‘He will always be in my heart’: legendary French singer Johnny Hallyday buried in Caribbean to dismay of ex-wife and fans
A leather-clad showman who was almost unknown abroad, Hallyday died of lung cancer on Wednesday aged 74
French rock icon Johnny Hallyday was laid to rest in a private ceremony in the West Indies on Monday despite his first wife and many of his fans bemoaning a burial so far from mainland France.
Hundreds of thousands of people had thronged the centre of Paris on Saturday for a “people’s tribute”, with at least 12 million people watching the ceremony for the star on television.
France has not seen such an outpouring of emotion for a singer since the death of Edith Piaf.
His burial on the French Caribbean island of St Barts was much more intimate, with 30 bikers accompanying his close family and friends including film star Jean Reno to a tiny seaside cemetery.
The ceremony, from which cameras were banned, started more than a half an hour late after one of the mourners was taken ill.
A rainbow appeared in the sky as his white coffin was lowered into the grave which was later showered with flowers.
Hours before, Hallyday’s first wife Sylvie Vartan said she was heartbroken that he was being buried there.
“It is with a broken heart that I must accept the idea that Johnny will be buried today,” the 1960s pop star said. “It is very sad that Johnny will be so far from all of us who loved him so much.”
Veteran pop star Michel Polnareff, an old friend of the man they called the French Elvis, also said he found it “strange that his fans should be deprived of Johnny” in this way.
“He’s part of our heritage. I find it unthinkable that all those like myself who are inconsolable now should be prevented from paying their respects [at his grave],” Polnareff said.
Many of Hallyday’s mainly working-class fans who lined the streets of Paris on Saturday were also upset that the singer would be so far away. But the Caribbean island’s leader Bruno Magras said Hallyday had always wanted to be buried there.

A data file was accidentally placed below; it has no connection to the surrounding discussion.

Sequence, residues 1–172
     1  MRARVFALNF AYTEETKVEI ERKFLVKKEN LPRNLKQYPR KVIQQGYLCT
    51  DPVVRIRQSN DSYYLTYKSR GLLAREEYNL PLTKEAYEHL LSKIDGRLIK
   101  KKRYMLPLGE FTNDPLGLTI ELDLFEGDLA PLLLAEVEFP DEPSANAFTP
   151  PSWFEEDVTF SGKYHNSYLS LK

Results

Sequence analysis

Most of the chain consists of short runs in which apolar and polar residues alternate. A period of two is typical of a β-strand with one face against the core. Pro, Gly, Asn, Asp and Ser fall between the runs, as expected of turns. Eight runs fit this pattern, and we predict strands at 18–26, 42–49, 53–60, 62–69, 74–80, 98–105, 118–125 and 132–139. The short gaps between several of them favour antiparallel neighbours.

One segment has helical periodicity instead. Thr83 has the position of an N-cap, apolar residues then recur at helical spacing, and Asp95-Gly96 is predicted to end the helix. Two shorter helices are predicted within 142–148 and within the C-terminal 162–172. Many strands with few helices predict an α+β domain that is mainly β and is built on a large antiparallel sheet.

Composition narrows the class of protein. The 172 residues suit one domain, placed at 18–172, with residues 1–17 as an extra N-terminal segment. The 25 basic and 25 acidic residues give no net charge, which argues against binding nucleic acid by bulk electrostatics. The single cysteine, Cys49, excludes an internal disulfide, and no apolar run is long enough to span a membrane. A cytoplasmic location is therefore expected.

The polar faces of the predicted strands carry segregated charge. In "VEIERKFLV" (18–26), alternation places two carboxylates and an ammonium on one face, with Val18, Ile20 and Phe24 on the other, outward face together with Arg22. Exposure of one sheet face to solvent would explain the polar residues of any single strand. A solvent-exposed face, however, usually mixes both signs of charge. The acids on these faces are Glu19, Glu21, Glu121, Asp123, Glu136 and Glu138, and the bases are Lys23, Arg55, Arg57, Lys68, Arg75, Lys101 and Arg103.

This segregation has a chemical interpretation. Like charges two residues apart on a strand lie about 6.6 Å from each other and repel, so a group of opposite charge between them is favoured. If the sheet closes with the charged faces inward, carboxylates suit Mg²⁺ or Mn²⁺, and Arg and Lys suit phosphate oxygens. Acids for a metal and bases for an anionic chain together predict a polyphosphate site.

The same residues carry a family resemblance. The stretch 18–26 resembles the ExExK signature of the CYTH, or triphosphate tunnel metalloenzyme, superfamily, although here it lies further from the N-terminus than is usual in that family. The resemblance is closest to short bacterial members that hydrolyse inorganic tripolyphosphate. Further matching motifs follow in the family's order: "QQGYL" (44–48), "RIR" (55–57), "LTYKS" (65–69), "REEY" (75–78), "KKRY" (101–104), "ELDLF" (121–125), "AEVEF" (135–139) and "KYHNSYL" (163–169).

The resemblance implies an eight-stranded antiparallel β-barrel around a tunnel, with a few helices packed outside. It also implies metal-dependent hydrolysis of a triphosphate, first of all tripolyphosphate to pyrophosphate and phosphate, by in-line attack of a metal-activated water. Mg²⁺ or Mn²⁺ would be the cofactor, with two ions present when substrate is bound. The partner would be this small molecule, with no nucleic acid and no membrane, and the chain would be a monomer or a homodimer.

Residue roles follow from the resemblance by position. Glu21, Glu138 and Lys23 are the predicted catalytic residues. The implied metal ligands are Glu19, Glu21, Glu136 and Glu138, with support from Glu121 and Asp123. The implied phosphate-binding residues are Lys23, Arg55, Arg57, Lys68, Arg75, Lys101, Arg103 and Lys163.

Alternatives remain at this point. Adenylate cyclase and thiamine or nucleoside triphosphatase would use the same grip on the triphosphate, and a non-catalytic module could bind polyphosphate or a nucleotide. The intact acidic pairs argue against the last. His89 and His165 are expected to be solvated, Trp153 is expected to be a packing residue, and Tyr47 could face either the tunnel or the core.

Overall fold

His said the motorcycle-mad singer, who is credited with introducing France to rock music, told him “several times he wanted to be buried here. He didn’t want to go to Pere Lachaise,” the famous Paris cemetery where the tomb of the Doors singer Jim Morrison has become a place of pilgrimage.
Vartan, 73, did not accompany Hallyday’s white coffin to St Barts, though their son David, along with Laura Smet, Hallyday’s daughter with actress Nathalie Baye, was among the mourners at the graveside. Several of the bikers were later seen leaving the cemetery in tears.
Vartan and Hallyday were the golden couple of French pop in the 1960s, but their marriage – which ended in 1980 – was often stormy. Hallyday attempted suicide in 1966 because he was afraid she was about to leave him.
Vartan said: “Johnny will always be in my heart … after 17 passionate years together, I can tell you first love never dies.”
A leather-clad showman who was almost unknown abroad, Hallyday died of lung cancer on Wednesday aged 74.
Ahead of the burial, hundreds of islanders dressed in white – the colour of mourning in the West Indies – kept a vigil through the night at a “public wake” for the singer.
Two of them, Sidonie and Mirko, who described Hallyday as “kind and unstarry”, told how he would sometimes sing at a local restaurant a “little like we do when we do karaoke”.
Marie-Helene Delcasse, of the Friends of Johnny Hallyday, said “it will be difficult for fans to go and see him” on the island.
Another fan, Francois Le Lay, said he understood that Hallyday would have wanted privacy, but “we would have preferred if he was buried in Paris. But if Johnny wanted that, we will respect it.”